Lessons from ResearchILD’s 2020-2021 EF and Equity Fellows: Part 2

Lessons from ResearchILD’s 2020-2021 EF and Equity Fellows: Part 2

All educators play a crucial role in counteracting systemic racism and developing equitable approaches that support the success of every student. Our Executive Function (EF) and Equity Fellowship brings together six educators from across the US to explore how schools are addressing students’ executive function needs through an equity lens. This post, part two of a series, highlights the lessons that emerged from conversations with our 2020-2021 EF and Equity Fellows and guest speakers. 

Culture, Language, and Learning 

Students bring their whole selves to school each day, making their academic lives inextricably linked with their home lives and cultural identities. For our November 2020 EF and Equity Fellow gathering, two educators from the Arapahoe Schools in Wyoming—Dr. Julie Jarvis, Director of Curriculum, Instruction and Assessment, and Veronica Miller, Instructional Facilitator— shared how they respond to students’ needs with executive function in mind. 

At the Arapahoe Schools, language and culture preservation are priorities. It is vital that educators are aware of and sensitive to the historical trauma and language erasure that the Northern Arapaho tribe has faced.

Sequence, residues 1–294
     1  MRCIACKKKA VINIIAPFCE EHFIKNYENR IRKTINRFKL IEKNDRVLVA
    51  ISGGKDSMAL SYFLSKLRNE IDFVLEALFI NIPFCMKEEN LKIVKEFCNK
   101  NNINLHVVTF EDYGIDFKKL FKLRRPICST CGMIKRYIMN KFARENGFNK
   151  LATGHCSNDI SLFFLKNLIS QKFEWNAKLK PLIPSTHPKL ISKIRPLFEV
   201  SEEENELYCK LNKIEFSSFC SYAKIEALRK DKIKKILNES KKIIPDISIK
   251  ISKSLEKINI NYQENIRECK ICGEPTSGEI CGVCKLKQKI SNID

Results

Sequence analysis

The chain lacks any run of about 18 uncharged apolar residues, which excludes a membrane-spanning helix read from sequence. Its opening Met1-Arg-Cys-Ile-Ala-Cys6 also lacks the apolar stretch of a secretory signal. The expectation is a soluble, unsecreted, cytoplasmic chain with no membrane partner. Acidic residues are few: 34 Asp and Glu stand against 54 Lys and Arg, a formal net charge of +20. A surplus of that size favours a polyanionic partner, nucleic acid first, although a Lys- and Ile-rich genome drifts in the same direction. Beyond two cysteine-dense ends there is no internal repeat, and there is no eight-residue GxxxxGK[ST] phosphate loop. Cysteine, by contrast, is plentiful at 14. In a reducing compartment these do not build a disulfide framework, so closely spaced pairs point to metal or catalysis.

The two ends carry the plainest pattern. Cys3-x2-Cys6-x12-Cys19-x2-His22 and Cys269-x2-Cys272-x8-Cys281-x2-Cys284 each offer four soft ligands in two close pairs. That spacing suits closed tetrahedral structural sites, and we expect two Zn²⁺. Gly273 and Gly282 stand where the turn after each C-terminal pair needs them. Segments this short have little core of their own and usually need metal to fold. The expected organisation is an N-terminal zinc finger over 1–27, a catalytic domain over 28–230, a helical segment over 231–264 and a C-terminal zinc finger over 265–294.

A core principle of the Arapahoe Schools is a native language immersion program. Through this program, native Arapaho language speakers teach students how to code switch and how to exist in two communities–inside and outside the bounds of the reservation.

When it comes to language learning and code switching, cognitive flexibility is key. Students must not only switch between the Arapaho language and English, but they must understand the different contexts in which to use their languages. 

Dr. Jarvis described that the Arapahoe schools use trauma-informed strategies to support students’ academic and emotional needs. When students’ fight-or-flight” responses are activated, their ability to fully engage in learning and social activities is hindered.

Executive function strategies, explained Dr. Jarvis, can help students be mindful and remain present. Making mindfulness a priority for students can ensure that they learn to engage with their emotions and build self-compassion in difficult moments. 

EF and Equity

Are you interested in applying to be a 2021-2022 EF and Equity Fellow? Learn more about the fellowship and application process. If you would like to hear more from Julie Jarvis, Veronica Miller, and other equity-minded educators, you can hear them speak on a panel about “Executive Function and Equity in Schools: Success Stories from Administrators and Teachers” at the 36th Annual Executive Function Conference

  • Caitlin Vanderberg, M.Ed., SMARTS Program Associate

SMARTS Executive Function Curriculum: smarts-ef.org

Research Institute for Learning and Development: researchild.org